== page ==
One of my primary concerns as a writer is “how does place make a person human?” I return to this question over and over again, whether I am writing creative nonfiction, short fiction, or poetry. I have been working on a “poetic inventory” of Albuquerque, (including the Sandia Mountains to the Rio Grande and parts of the West Mesa Open Space). It is analogous to a “scientific inventory” of a location’s biodiversity, where field ecologists catalogue all of the flora and fauna present in the area. Unlike a scientific inventory, the works move beyond a strictly literal cataloging, which does not arrive at the essence of a thing. I am also exploring the relationship between “wilderness and civilization” as a part of this project, human impact on designated nature zones/open space and how wilds reemerge within the city. In these poems, lyric essays, and flash fictions, I have invented local folktales, reimagined real histories, and moved beyond regurgitating facts to help create a sense of the animals, the plants, and the place.
To write “Quakies” I began with research. I read everything from the entry on aspens in the Field Guide to the Sandia Mountains to an academic article about arborglyphs, specifically ones drawn on aspen by Basque shepherds in Northern New Mexico. I made notes and developed a list of the facts that I found most interesting and thought provoking, such as how quickly a whole colony could disappear. Then I started to toy with rhyme, rhythm, and the order of information and think about what I was trying to communicate through the aspen.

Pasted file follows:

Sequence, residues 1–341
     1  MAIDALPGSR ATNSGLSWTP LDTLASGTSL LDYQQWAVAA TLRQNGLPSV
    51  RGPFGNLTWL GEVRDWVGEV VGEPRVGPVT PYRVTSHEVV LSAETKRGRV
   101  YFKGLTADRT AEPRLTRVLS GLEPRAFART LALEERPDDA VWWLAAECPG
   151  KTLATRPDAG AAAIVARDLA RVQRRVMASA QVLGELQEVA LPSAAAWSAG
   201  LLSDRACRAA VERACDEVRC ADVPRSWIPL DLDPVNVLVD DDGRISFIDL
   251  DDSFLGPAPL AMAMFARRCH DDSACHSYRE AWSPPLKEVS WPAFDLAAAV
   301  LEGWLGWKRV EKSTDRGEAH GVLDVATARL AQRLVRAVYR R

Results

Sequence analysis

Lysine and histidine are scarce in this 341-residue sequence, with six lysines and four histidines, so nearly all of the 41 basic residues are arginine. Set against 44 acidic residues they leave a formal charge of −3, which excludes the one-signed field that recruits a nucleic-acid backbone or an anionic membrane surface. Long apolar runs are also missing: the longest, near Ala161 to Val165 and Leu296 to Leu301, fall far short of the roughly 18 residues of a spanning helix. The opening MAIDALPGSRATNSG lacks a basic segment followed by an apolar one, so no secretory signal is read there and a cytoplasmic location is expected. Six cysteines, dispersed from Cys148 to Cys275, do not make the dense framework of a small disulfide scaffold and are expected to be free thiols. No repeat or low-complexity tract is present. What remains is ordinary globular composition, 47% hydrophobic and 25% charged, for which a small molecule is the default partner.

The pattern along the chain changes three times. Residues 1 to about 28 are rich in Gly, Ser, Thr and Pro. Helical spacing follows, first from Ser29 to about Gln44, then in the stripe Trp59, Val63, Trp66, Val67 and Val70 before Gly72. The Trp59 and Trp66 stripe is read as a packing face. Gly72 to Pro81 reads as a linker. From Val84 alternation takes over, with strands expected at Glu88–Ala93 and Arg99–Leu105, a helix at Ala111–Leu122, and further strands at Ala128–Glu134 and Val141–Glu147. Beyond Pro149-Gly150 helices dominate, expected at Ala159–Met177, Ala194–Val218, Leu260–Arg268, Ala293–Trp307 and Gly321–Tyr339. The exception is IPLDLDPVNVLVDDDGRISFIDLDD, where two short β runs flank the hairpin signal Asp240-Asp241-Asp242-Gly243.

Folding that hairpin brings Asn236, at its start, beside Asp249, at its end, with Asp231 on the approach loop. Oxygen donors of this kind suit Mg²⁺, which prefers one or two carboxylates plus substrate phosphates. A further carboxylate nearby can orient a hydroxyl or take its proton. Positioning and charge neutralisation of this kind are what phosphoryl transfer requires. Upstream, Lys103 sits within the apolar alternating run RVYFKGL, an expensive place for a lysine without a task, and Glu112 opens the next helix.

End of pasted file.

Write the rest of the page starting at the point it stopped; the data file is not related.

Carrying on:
Writing prompt: Pick something in your ecosystem you’d like to know more about. Research it online, in a library database or with Google Scholar. Read widely—you’ll likely find sources that will surprise you with unexpected connections—and take notes. Using your notes, develop a list of ten-to-twelve facts. As you edit down your list, think about what draws you to these facts, this particular aspect of this plant or animal, and why you would like to share this information with someone. Does the list provide a metaphor? Does it say something about humanity even though it’s a cactus? Then start shaping and writing your work to draw out this theme.
Amaris Feland Ketcham is an honorary Kentucky Colonel and Assistant Professor at the University of New Mexico. Her work has previously appeared in Creative Non ction, the Los Angeles Review, Rattle, and the Utne Reader.